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Refugees getting little help from Dutch government

Huddled in tents, sleeping beneath Red Cross blankets, 18 unwilling campers look like refugees from war or famine.

They are asylum seekers rejected both by the Dutch government and by authorities in their homelands. Living in a legal limbo, they say they have nowhere else to go.The Dutch tradition of sheltering the needy and persecuted is being pushed down the political agenda in the Netherlands while the government concentrates on strengthening the economy. And increasingly, it is the religious community that holds out the safety net for the shunned.

In Rotterdam, a Dutch cleric provides warm and dry rooms for local junkies to inject their daily fix. He even started supplying low-cost heroin for some of his guests until local authorities got wind of it and ordered him to stop.

Earlier this year, a Roman Catholic bishop said it was morally acceptable for poor parents to steal bread to feed their children.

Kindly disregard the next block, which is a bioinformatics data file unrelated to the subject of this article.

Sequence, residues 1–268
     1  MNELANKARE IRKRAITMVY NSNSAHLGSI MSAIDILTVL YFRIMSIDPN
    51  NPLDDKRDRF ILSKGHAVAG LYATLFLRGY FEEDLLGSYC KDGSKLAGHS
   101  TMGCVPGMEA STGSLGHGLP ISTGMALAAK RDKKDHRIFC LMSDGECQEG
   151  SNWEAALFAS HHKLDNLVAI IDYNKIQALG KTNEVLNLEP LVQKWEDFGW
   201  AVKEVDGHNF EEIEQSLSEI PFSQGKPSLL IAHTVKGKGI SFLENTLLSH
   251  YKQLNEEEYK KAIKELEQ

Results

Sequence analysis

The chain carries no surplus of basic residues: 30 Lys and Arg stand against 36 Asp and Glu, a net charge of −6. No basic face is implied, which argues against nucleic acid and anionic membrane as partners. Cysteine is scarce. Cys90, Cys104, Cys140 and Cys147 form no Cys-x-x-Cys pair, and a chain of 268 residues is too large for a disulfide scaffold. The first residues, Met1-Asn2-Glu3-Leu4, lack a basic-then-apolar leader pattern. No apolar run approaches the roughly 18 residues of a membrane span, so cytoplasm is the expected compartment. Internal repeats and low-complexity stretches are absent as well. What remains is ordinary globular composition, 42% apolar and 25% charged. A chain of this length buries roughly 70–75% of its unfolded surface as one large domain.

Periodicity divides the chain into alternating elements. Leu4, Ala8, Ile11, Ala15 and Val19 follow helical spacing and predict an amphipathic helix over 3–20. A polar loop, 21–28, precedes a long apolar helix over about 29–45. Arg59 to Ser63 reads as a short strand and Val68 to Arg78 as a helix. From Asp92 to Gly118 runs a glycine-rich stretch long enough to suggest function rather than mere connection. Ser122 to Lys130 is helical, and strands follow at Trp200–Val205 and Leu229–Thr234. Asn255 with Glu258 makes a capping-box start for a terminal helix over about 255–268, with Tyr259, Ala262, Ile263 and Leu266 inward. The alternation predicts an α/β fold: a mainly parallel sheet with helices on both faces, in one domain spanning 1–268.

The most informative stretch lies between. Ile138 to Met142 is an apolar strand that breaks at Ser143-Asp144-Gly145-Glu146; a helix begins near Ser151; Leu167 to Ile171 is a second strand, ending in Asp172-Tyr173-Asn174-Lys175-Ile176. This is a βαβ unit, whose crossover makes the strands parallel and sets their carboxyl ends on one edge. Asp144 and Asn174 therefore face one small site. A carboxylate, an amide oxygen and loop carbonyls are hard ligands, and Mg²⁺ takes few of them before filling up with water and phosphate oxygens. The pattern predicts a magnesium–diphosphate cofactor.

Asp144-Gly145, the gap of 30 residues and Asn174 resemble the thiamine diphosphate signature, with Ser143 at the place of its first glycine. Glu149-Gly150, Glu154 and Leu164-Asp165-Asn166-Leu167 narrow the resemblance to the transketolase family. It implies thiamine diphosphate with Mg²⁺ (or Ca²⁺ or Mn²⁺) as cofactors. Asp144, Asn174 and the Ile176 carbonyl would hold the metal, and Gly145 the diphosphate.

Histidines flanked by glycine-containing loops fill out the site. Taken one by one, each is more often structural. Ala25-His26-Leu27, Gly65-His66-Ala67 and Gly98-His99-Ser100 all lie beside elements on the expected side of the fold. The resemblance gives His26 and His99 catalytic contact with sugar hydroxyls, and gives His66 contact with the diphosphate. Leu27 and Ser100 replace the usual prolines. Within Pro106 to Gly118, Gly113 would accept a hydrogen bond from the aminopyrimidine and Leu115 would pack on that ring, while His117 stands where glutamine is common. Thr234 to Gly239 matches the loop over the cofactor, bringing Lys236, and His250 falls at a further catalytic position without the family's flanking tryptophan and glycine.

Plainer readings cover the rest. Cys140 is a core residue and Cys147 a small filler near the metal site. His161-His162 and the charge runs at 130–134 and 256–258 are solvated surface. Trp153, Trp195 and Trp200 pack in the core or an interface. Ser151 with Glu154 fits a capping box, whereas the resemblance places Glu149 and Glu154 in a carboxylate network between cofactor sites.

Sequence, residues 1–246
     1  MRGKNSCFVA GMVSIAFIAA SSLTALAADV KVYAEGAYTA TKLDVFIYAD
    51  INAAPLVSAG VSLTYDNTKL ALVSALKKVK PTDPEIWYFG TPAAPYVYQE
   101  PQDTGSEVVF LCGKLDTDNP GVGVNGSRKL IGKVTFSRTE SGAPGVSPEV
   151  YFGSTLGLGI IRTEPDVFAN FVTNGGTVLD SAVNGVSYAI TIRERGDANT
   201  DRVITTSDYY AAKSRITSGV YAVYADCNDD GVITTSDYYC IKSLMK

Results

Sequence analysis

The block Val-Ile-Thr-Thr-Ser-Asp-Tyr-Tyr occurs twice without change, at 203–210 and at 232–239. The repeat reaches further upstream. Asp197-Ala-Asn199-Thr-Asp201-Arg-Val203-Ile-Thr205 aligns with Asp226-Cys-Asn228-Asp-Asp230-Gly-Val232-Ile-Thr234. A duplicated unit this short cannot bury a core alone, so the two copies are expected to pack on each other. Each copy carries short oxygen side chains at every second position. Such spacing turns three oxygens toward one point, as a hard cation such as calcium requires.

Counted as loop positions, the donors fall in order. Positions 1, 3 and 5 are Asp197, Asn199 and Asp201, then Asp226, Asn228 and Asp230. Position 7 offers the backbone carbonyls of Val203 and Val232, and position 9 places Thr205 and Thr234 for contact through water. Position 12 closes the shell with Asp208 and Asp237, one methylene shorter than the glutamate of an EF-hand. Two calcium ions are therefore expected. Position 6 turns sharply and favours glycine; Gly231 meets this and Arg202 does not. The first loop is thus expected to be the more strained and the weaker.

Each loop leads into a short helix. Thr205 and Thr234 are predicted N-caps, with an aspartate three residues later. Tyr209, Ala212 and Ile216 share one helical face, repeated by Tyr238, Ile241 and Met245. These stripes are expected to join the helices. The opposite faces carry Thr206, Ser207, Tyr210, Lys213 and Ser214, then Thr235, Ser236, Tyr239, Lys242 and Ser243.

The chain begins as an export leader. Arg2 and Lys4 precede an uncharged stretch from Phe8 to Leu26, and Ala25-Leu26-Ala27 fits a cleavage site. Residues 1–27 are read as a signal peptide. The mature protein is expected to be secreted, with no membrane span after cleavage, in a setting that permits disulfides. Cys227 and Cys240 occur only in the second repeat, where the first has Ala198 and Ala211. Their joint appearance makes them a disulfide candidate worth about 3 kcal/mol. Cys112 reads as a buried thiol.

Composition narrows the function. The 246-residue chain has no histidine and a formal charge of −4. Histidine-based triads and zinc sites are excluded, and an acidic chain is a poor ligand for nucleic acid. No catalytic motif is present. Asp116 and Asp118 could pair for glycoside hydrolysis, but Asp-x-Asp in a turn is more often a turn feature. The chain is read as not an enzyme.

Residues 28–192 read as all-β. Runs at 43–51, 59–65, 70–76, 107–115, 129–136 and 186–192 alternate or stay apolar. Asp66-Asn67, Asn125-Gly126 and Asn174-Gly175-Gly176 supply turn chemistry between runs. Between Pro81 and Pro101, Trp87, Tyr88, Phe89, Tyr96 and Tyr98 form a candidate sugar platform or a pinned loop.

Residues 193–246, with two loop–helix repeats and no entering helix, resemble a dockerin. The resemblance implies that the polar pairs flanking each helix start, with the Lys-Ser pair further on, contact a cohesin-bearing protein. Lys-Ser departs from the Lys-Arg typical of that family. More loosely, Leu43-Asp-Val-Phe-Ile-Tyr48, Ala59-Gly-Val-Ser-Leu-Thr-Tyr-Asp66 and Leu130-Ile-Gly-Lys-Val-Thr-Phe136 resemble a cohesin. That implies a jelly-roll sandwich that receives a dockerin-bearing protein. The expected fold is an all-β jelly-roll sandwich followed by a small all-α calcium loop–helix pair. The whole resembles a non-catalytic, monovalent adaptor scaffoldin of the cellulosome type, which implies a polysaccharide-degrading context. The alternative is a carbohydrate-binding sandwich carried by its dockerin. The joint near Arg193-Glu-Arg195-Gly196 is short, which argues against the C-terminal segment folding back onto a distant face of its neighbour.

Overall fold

John van Tilborg, director of a group that aids people seeking asylum, helped set up the camp for the stateless refugees because, he charged, the government left them to fend for themselves.

"The government has billions of extra guilders, and yet they are dumping people at the railway station to rot," Van Tilborg said. "If I leave my dog in a forest, the justice department will come after me, but the justice department is dumping these people on the street."

There are some 2,000 people in the Netherlands who arrived without identity and travel documents from countries that disowned them, only to have their requests for asylum rejected in a Catch-22: Without papers, they can't leave the country - yet they aren't allowed to stay.

In July, Li Yue, a 21-year-old Chinese mother in that predicament, was deposited by immigration authorities at the Arnhem rail station with her husband and two young daughters.

Now she sits out her days in the tent camp with her daughters, who spend their time playing with toys donated by local families.

"We just have to wait," she said in faltering Dutch learned while going through the asylum process.

A desire to highlight the problem - and a shortage of volunteers willing to accommodate the asylum seekers - led the Dutch Council of Churches to finance the camp.

"As long as people put these refugees up in their homes, the public knows nothing. These people were invisible in our society," said the camp's coordinator, Evert Kraal.